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LeBron James has thrived despite weak supporting casts

Last week, we told you LeBron has been helped by playing in the East. The flipside is that he hasn't had much support from his teammates.

Two weeks ago I crunched the data and found an important footnote to LeBron James' five career NBA Finals appearances (including four straight). His path to the championship series went through much weaker teams than his contemporaries with lots of Finals trips (Tim Duncan and Kobe Bryant). This is an important piece of context when touting LeBron's dominance of the East. The East has largely been shallow and, compared to the West, weak during LeBron's reign.

Here's another important piece of context.

Supporting Casts

As noted, the data is from the valuable If you go back through Duncan's Finals teams and subtract Duncan's Win Shares from the team total, you're left with -- on average -- a 49-win team. That's really quite good!

The same applies to Michael Jordan. (The numbers say that if you remove Jordan from the famous 72-win Bulls squad you'd still have a 55-27 squad. He had a really amazing supporting cast.) Kobe's average supporting cast during his seven Finals runs was equivalent to a 45-37 team, which is rather solid. He has a great deal of variance, though; his 2000 team would have won 54 games without him, while his 2004 team was roughly a 40-win team.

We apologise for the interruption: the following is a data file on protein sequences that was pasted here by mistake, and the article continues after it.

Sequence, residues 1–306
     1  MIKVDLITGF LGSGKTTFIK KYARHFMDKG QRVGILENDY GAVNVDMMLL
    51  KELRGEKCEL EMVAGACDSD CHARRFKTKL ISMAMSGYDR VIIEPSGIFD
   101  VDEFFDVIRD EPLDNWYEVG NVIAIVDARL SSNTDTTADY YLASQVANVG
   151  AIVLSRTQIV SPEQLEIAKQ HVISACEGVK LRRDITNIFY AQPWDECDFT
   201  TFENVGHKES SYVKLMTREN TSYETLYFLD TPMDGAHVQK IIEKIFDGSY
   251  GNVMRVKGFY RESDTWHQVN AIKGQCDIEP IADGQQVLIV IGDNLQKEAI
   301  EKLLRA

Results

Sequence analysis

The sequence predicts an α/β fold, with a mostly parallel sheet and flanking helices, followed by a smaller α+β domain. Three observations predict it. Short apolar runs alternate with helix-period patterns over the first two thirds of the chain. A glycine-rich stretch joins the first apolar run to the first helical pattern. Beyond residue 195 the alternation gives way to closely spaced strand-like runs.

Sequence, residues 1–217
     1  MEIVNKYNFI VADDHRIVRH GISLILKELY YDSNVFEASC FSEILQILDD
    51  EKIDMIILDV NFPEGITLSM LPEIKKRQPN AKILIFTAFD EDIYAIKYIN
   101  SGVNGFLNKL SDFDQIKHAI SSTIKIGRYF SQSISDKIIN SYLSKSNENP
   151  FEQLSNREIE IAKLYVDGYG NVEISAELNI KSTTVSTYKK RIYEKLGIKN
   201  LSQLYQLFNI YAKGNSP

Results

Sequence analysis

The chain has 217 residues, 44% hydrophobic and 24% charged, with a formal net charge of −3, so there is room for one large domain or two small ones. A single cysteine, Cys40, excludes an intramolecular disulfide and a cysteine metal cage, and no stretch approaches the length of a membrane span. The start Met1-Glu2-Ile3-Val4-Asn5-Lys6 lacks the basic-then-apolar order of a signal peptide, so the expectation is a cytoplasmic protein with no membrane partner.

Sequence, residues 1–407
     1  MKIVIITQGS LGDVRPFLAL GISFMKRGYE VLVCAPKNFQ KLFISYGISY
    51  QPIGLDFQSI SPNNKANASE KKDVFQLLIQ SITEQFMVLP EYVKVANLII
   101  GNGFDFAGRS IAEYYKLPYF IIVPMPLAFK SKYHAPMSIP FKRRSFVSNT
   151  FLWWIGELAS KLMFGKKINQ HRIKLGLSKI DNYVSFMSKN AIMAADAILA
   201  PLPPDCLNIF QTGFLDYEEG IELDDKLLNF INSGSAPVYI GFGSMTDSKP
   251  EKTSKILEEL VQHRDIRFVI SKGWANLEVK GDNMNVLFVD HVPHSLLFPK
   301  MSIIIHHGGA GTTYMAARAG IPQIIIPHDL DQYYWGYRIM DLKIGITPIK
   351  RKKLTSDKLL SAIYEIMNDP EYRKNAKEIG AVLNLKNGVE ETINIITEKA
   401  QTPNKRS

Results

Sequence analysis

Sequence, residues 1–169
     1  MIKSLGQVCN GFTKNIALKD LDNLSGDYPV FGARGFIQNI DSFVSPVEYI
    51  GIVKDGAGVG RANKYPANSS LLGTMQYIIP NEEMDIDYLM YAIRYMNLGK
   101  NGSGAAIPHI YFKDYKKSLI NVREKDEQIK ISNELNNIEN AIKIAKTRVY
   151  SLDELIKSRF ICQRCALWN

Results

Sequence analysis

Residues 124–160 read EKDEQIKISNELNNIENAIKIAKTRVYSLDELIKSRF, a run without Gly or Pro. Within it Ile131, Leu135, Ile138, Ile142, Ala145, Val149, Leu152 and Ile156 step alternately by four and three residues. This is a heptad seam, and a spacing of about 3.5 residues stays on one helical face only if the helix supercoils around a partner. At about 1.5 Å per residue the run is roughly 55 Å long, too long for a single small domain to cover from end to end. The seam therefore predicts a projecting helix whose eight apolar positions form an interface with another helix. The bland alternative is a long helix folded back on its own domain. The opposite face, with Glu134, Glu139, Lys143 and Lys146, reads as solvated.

But LeBron's supporting casts have consistently been weaker than those of his Finals-heavy contemporaries. Two squads -- the 2014 Heat and 2007 Cavaliers -- would have had losing records without LeBron according to this method. Overall, LeBron's teams during his five Finals runs are barely above-average squads without him. To put it another way: None of them would be 50-win squads without him. Each of the other stars considered here have at least one 50-win supporting cast on the list, and Duncan has four.

Of course, those other guys had a higher success rate in the Finals. Duncan is 5-1 in the Finals. Jordan was 6-0. Kobe has gone 5-2. LeBron is currently 2-3. Context is everything. LeBron typically had an easier route to the Finals, but he was almost always carrying a thoroughly mediocre supporting cast with him. Even though Duncan and Kobe faced tougher paths, they usually had a lot more help to get there. Everything is relative.